19:35:04 From Sue Taylor : Good point, Sarah. I recently found a Württemberg soldier reported to have died in a Polish hospital in 1809. On the surface there didn’t seem to be a geographical connection but Google found me the likely conflict with a list of “Belligerents” that included Württemberg and Poland on the side of France.
19:39:02 From Mark Barrus : Fascinating research
19:39:56 From Sarah Bell : Is seemingly incompatible a precursor to negative evidence? or the same thing?
19:43:26 From Sarah Bell : Important to record your thought processes – whether through footnotes or another method
19:44:12 From Betty-Lu Burton : I would at least do limited source citation. such as as stated in 1850 census.
19:50:58 From Betty-Lu Burton : Melissa it does not take a few years for my thinking to change. because health issues my mind changes every few weeks now
19:52:55 From Betty-Lu Burton : footnote 12 is more of an analysis
19:53:33 From Sarah Bell : She also references her research notes on the subject
19:53:38 From Sarah Bell : foot 11 19:56:35 From Cousin Russ : Derived from “House history of 5726 North East Cleveland Avenue, Portland, Oregon”, report to [client name withheld]. 4 March 2007. Archived online. Connie Miller Lenzen, CG.Board for Certification of Genealogists. (https://bcgcertification.org : viewed 20 Mar 2019.) https://bcgcertification.org/wp-content/uploads/2017/11/Lenzen-House-History2006.pdf
20:06:45 From Deb Andrew : Floods, burned court houses local areas.
20:08:38 From Cousin Russ : Derived from “Pierre Lapouraille (m. 1819)” report to Brian Lapouraille of Baltimore, MD. 2 Oct 2012. Archived online. Malissa Ruffner, JD, MLS. Board for Certification of Genealogists. (https://bcgcertification.org : viewed 20 Mar 2019). https://bcgcertification.org/wp-content/uploads/2017/11/Ruffner_Report2012.pdf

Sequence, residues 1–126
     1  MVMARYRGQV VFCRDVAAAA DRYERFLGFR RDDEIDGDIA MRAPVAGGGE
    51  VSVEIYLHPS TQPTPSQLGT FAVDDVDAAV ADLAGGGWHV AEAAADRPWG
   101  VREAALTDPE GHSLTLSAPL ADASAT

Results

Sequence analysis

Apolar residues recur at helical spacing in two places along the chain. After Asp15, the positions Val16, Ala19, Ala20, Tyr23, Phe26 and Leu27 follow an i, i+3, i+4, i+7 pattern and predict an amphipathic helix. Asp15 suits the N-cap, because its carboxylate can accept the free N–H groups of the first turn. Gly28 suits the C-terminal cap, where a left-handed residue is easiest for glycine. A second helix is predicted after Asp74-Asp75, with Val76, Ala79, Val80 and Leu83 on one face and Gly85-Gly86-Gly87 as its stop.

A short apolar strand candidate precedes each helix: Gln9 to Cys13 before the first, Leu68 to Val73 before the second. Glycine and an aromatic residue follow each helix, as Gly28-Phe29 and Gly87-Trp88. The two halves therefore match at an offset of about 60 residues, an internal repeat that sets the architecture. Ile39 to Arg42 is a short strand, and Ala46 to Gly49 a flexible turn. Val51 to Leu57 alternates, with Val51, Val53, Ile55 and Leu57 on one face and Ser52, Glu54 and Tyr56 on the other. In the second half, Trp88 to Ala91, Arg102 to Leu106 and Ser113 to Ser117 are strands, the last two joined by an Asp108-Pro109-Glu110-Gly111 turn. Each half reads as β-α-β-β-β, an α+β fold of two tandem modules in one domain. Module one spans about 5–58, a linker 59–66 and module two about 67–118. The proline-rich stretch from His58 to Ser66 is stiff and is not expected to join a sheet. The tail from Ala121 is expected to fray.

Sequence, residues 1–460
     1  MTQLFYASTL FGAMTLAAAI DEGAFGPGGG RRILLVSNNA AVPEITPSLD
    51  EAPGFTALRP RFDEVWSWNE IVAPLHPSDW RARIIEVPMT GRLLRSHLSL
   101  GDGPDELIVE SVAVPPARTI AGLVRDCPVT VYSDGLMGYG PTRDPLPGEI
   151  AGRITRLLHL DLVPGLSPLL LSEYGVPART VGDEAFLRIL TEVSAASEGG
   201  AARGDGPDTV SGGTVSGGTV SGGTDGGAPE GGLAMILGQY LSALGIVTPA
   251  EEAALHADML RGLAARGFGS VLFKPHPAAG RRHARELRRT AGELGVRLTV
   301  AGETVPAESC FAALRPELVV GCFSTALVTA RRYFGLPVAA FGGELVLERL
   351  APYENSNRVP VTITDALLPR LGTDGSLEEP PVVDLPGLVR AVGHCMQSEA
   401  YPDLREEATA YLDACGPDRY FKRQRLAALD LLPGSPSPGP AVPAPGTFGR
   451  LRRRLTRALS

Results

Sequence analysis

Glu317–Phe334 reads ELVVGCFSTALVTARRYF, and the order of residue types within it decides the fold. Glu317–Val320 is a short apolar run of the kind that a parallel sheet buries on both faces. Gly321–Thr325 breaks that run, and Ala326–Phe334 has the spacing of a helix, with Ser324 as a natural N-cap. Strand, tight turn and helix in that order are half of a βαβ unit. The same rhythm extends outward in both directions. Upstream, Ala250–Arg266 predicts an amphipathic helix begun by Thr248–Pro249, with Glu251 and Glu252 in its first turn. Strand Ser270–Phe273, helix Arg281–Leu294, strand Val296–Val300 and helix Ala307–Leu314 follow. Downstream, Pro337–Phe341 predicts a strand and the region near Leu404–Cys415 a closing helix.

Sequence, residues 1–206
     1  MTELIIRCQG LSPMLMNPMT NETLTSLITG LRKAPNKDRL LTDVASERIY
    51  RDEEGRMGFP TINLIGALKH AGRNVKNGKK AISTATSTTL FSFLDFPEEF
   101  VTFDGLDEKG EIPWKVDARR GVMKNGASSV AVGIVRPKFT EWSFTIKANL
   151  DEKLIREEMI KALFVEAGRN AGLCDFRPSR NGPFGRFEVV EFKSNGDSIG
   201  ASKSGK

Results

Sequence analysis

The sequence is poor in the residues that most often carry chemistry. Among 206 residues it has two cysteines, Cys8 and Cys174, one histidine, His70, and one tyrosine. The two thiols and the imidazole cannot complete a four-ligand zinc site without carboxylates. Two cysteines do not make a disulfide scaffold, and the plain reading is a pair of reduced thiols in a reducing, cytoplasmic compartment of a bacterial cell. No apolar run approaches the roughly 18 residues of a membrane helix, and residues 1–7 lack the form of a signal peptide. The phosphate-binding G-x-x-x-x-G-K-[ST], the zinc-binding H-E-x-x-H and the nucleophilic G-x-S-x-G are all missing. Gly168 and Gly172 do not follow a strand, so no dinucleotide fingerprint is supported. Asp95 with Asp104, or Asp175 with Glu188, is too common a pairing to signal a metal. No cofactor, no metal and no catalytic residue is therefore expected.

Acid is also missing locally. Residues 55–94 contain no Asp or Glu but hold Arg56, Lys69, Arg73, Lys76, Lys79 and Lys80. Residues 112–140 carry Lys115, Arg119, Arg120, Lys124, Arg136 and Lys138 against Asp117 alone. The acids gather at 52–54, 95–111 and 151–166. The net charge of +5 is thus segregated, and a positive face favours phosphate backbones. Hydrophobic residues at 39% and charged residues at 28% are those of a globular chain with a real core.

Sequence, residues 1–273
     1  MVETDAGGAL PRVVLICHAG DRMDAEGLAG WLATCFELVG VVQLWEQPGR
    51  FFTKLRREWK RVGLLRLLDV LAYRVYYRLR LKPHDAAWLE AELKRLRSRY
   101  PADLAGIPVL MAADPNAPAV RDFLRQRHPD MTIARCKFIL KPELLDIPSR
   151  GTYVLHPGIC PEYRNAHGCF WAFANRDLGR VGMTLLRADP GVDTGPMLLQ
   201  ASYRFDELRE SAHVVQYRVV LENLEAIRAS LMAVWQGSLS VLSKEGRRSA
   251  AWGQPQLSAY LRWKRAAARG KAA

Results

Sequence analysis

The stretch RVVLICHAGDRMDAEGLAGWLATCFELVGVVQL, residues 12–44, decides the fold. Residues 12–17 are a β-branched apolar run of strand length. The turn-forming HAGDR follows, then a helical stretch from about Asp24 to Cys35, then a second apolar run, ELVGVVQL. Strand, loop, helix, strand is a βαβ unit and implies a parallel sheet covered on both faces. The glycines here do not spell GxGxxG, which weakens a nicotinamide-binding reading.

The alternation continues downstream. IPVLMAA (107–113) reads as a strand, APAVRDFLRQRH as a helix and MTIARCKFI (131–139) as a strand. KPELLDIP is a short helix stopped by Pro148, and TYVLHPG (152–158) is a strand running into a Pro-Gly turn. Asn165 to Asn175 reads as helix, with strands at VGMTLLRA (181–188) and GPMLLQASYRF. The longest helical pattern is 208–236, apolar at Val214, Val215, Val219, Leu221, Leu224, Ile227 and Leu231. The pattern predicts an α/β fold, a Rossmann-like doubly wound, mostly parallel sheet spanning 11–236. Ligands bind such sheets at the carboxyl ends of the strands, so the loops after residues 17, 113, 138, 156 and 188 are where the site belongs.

20:13:24 From Sarah Bell : Love that idea
20:21:03 From Deb Andrew : What is the name of the author of Designing Research Methods?
20:22:11 From Sue Taylor : Helen Leary
20:23:07 From Sarah Bell : https://www.worldcat.org/title/north-carolina-research-genealogy-and-local-history/oclc/34803478 20:23:17 From Cousin Russ : Albright, Lee and Helen F. M. Leary, “Designing Research Strategies,” in Helen F. M. Leary, editor, North Carolina Research: Genealogy and Local History (Raleigh, NC: North Carolina Genealogical Society, 1996), chap. 2, p. 20.https://www.ncgenealogy.org/product/north-carolina-research-genealogy-local-history-2e/
20:23:29 From Deb Andrew : Thanks.
20:25:04 From Cousin Russ : You may obtain Leary’s book ssed from Abe Books – https://www.abebooks.com/servlet/BookDetailsPL?bi=30258852136&cm_ven=sws&cm_cat=sws&cm_pla=sws&cm_ite=30258852136&clickid=01DzVtwvLxyJWVl0EHQlB1XYUklxo2XVzWbMwk0&cm_mmc=aff-_-ir-_-353196-_-77798&ref=imprad353196&afn_sr=impact
In this episode, we meet Alex Cox from FindMyPast.com as we spotlight a 1915 passport application for James Augustine Shearman who is planning to travel with his wife and supervise the art education of his granddaughter. I think you’ll agree with Ol’ Myrt here – it’s fun to have a guy in London explain this record set from the US National Archives!